Born: May 30, 1928 - Graveland (near Hilversum), the Netherlands
Died: January 16, 2012 - Amsterdam, the Netherlands
The eminent Dutch organist, harpsichordist, conductor and pedagogue, Gustav (Maria) Leonhardt, studied organ and harpsichord with Eduard Müller at the Schola Cantorum Basiliensis from 1947 to 1950.
Gustav Leonhardt made his debut in as a harpsichordist in Vienna in 1950. After studying musicology there, he served as professor of harpsichord at the Academy of Music from 1952 to 1955. He was professor of harpsichord at the Amsterdam Conservatory from 1954. He was also active as a church organist there.
Gustav Leonhardt made his first recordings of solo harpsichord music by J.S. Bach in the early 1950’s. These quickly established his reputation as an outstanding Bach interpreter. In 1954, with his Leonhardt Baroque Ensemble, he collaborated with the English counter-tenor Alfred Deller in recordings of J.S. Bach’s Cantata BWV 54 and BWV 170. This early essay in historically aware performance style (HIP) - the ensemble included his wife Marie and Eduard Melkus (violins), Alice Hoffelner (viola), Nikolaus Harnoncourt (cello), and Michel Piguet (oboe) - may be justly considered an important torch-bearer in the new paths soon to be taken in Baroque interpretations. Since then Leonhardt has performed and recorded all the major solo harpsichord music of J.S. Bach. He made numerous tours of Europe and North America, mainly appearing as harpsichordist. He also led his own Leonhardt-Consort (replacing the Baroque Ensemble) on tours from 1955. An interesting curiosity about Gustav Leonhardt is that he was the main actor in the movie "Diary of Anna Magdalena Bach" (1967), playing and performing and above all personifying J.S. Bach.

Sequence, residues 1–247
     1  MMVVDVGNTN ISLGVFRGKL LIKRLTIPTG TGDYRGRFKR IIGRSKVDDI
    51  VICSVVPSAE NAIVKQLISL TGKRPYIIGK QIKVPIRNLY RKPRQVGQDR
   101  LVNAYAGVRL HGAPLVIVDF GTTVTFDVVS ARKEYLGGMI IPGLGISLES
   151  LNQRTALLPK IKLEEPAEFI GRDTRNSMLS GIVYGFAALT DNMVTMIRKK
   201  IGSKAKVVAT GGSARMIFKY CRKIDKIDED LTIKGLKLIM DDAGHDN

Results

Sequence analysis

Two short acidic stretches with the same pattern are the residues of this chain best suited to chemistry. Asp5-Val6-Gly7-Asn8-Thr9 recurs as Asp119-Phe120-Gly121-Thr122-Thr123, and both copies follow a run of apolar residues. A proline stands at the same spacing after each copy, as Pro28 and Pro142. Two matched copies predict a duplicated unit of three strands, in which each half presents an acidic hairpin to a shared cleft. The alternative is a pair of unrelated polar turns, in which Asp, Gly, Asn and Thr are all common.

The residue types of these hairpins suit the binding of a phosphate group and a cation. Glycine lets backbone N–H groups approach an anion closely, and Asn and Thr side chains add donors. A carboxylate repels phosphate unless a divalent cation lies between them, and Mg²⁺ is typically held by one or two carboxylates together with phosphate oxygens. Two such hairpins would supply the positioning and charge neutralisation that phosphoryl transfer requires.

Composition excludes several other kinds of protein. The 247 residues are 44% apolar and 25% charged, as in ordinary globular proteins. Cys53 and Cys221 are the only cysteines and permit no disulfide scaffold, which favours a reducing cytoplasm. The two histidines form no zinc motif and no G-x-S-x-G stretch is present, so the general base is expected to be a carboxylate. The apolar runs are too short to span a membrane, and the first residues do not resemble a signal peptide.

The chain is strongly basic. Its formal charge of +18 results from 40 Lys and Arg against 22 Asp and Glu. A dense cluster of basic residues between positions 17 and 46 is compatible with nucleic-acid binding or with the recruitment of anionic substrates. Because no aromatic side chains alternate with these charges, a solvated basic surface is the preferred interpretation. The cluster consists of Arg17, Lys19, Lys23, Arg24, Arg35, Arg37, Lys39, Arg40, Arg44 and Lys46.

In 1971 Gustav Leonhardt and Harnoncourt jointly undertook a project, completed in 1990, to record all J.S. Bach’s sacred cantatas. Leonhardt’s performances, in which his Leonhardt-Consort provided the orchestral nucleus, are elegantly shaped and often more restrained in expression than those of Nikolaus Harnoncourt.
Gustav Leonhardt edited J.S. Bach’s Die Kunst der Fuge, pieces by Jan Pieterszoon Sweelinck, and other works.